Published January 11, 2012, in MSUM’s, The Advocate
If anyone knows about lame parties, it’s me. I’ve hosted many of the most uncomfortable get-togethers possible, ranging from pirate to Pocahontas-themed shindigs since the age of birth.
Obviously, I’m sure the birthdays from the ages of 1 to 5 went according to plan, but the years after that brought oddness and awkward feelings to one and all. Even at family birthday parties, I managed to make it uncomfortable for not only myself but for everyone else with my over-the-top thankfulness and dramatic openings. I didn’t want anyone to feel bad by thinking I didn’t absolutely adore what they got me, even if it was a pair of white socks.
So, I dramatized my thankfulness with gasps, jaw-dropping moments and, more than likely, squeals of joy for even the smallest of gifts. No doubt, a box of toothpicks would have received the same response.
Anyone who knows me knows I do these things when I’m genuinely excited, but c’mon. No one gets that excited for a pair of plain Jane socks when you’re 7 years old unless you’re the Little Match Girl, shivering in the bitter cold.
I once received a box of pencils as a gift during one of my “kid” birthday parties and appeared to be eternally grateful, though the graphite barely marked and the erasers only smudged. I think I still have them (No, I’m not a hoarder).
Needless to say, I received many eye-rolls and comments from two of my three siblings (Nate accepted my insane reactions more than the other two).
After years of getting teased for my grateful responses from my other brother and sister, I formed a complex — a gift-receiving complex. The over-the-top reaction I had formulated over the years was ready to exhaust my energy and jump out during present opening, but I held it back. I tried to be subtle but felt guilty for the suppressed drama of thankfulness I was used to displaying.
All birthday parties aside, the inner host in me felt the urge to have seasonal parties, so beginning in elementary school, I attempted to bring my friends together. Around Valentine’s Day in 5th grade, I invited some girls over for a sleepover.
One girl annoyed a few of my friends and me by eating our entire supply of pistachios and spilling beverages. The next day, she managed to fall down the stairs backward, almost managing to knock down my brothers’ senior portraits on the wall.
This was when our group separated, two of my friends being annoyed along with me while the other comforted the girl who tumbled down as we played with my Beanie Babies. My lack of sympathy was due to the fact I saw it all happen, and I still believe she did it on purpose since she looked around and slowly started falling backward.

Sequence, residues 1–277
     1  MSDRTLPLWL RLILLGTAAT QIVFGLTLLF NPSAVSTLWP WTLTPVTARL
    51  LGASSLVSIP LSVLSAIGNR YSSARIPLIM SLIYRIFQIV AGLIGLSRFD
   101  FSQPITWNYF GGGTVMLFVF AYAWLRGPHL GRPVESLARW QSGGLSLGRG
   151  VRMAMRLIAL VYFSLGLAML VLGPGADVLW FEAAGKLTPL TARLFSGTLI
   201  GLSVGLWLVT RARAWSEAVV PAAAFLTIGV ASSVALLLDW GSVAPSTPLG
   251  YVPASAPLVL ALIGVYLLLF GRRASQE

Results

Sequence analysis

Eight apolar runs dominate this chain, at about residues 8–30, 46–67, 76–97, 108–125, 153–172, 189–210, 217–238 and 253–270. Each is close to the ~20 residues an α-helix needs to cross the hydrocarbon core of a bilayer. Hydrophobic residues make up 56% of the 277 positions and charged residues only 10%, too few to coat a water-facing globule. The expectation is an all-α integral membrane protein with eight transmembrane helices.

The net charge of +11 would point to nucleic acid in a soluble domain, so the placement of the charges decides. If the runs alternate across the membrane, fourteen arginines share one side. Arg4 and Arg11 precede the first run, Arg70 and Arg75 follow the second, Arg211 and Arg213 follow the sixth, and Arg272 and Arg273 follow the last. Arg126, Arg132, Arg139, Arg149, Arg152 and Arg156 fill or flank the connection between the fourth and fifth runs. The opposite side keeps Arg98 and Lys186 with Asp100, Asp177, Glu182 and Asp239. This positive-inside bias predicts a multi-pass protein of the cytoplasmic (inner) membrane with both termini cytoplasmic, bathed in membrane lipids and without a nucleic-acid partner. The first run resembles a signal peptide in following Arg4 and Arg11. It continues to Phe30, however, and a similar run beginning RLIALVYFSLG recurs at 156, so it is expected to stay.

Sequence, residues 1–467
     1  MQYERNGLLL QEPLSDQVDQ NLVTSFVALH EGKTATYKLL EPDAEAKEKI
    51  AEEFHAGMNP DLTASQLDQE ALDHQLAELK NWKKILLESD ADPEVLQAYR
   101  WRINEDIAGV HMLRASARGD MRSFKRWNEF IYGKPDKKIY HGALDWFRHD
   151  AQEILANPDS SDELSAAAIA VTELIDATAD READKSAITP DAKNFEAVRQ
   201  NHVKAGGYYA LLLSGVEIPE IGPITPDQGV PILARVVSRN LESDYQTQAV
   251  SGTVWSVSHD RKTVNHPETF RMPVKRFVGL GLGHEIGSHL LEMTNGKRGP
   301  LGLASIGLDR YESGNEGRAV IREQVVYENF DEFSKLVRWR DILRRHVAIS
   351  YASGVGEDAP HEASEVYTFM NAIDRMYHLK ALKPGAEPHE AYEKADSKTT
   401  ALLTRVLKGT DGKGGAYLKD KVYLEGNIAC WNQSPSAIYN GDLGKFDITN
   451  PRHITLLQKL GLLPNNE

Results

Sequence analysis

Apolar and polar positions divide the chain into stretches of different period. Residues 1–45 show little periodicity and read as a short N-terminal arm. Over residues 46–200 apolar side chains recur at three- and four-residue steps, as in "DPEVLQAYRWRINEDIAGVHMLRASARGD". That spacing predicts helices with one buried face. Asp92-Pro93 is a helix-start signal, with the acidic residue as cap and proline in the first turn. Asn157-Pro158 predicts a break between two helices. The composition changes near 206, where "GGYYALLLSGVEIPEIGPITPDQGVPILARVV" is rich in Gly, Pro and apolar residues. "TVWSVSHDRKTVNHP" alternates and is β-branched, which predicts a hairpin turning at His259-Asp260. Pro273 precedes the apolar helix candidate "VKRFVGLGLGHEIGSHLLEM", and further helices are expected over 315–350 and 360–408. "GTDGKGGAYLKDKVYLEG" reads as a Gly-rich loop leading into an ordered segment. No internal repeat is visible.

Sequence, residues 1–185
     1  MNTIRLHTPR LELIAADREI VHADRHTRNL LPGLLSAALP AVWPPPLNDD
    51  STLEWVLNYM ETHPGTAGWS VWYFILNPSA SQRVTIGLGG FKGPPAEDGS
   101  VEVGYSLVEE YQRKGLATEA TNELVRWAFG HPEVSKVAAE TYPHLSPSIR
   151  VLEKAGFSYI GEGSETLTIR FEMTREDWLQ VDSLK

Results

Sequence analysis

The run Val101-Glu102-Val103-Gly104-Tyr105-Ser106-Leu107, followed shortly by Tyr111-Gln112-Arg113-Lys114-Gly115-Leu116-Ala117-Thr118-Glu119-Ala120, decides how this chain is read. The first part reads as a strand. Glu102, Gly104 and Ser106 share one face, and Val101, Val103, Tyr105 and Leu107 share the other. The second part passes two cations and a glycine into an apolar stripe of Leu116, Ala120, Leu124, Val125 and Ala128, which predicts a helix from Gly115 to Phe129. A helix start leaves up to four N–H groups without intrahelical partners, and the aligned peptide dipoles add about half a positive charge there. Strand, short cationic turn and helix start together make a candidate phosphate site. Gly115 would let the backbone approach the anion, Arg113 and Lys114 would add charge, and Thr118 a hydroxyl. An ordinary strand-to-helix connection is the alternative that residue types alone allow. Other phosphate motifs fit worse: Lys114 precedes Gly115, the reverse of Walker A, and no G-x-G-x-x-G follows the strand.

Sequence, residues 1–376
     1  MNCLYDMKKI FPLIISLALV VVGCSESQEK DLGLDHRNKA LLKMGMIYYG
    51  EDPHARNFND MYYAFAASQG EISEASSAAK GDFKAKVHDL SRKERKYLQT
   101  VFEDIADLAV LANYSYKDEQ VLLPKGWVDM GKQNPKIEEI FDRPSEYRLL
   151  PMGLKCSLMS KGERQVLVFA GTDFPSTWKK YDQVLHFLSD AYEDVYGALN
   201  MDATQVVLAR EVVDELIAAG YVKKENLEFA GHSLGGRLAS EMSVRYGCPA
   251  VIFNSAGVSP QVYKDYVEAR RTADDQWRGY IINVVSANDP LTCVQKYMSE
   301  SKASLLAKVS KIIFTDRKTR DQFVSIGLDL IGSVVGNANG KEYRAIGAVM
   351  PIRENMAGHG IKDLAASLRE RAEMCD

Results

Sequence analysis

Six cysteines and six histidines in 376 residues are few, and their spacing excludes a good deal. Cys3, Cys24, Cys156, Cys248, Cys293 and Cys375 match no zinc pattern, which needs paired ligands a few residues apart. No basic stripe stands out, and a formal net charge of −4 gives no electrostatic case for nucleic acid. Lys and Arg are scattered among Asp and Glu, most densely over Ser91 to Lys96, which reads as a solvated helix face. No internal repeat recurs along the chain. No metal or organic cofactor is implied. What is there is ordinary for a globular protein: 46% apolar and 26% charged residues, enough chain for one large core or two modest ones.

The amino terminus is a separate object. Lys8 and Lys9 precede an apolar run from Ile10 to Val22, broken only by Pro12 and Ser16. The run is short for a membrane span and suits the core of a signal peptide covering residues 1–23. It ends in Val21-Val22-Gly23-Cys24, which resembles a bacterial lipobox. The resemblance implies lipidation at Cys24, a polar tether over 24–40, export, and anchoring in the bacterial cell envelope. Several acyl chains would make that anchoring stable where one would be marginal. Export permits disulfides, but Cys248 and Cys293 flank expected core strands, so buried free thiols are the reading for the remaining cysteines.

My parties continued to wreak emotional havoc in high school. Barely anyone ever showed up, and sometimes, no one did. When they did, I often wanted the night to already be over due to the odd personality pairings of guests. At least the food was always scrumptious, and the house always looked wonderful.
Sophomore year of college, a few of my friends and I decided to throw an ugly sweater party, like so many others before us. It was my idea, of course. I always have a plethora of party ideas, only for them to end in awkwardness and emotional drainage.
Once again, the guest list was thrown together, and as the guests trickled in, discomfort grew. We had the place decorated, food and drink bounteous, but personalities were clashing. My panic heightened as I dragged Melanie (my roomie and one of my best friends) with me to “go buy more paper plates,” just to get my head together and come up with a game plan. Yes, we left our own party for awhile.
Toward the end of the night, people loosened up and it ended up being enjoyable, but I still vowed never to host another party again, until this fall, that is.
My parties have left scars that have gone more than skin deep, so when Melanie and I decided to host a holiday Old Hollywood- themed party in our apartment, I dreaded the outcome with pessimistic predictions. Melanie had to give me several pep talks before the night arrived.
Unlike many years, some of my friends and acquaintances are annoyed that they did not receive an invitation to this last get-together. Obviously, I feel terrible for making anyone feel excluded, but I did not rent out a venue, and I didn’t want a noise violation as a reward. Besides, if I had, based on my track record, no one would’ve come.
The moral of this story is this: If your life has sewn together a quilt of quintessential party flops, take heart. Someday, you may find yourself being the host of a, dare I say it, enjoyable event.
BY MEGHAN FEIR